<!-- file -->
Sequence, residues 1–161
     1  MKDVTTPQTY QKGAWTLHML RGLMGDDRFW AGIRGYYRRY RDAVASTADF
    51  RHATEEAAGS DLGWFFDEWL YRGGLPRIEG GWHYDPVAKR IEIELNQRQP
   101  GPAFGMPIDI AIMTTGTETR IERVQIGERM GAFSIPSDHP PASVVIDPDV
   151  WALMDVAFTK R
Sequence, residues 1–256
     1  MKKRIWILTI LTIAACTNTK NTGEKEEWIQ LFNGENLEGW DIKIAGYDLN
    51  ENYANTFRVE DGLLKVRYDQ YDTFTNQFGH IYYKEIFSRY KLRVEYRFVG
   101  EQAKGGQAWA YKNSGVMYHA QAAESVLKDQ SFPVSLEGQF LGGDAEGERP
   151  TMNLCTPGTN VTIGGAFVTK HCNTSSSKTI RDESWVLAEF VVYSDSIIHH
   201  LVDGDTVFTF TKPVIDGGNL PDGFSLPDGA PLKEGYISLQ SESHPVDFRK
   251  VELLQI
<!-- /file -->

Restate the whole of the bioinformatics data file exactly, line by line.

Sequence, residues 1–161
     1  MKDVTTPQTY QKGAWTLHML RGLMGDDRFW AGIRGYYRRY RDAVASTADF
    51  RHATEEAAGS DLGWFFDEWL YRGGLPRIEG GWHYDPVAKR IEIELNQRQP
   101  GPAFGMPIDI AIMTTGTETR IERVQIGERM GAFSIPSDHP PASVVIDPDV
   151  WALMDVAFTK R
Sequence, residues 1–256
     1  MKKRIWILTI LTIAACTNTK NTGEKEEWIQ LFNGENLEGW DIKIAGYDLN
    51  ENYANTFRVE DGLLKVRYDQ YDTFTNQFGH IYYKEIFSRY KLRVEYRFVG
   101  EQAKGGQAWA YKNSGVMYHA QAAESVLKDQ SFPVSLEGQF LGGDAEGERP
   151  TMNLCTPGTN VTIGGAFVTK HCNTSSSKTI RDESWVLAEF VVYSDSIIHH
   201  LVDGDTVFTF TKPVIDGGNL PDGFSLPDGA PLKEGYISLQ SESHPVDFRK
   251  VELLQI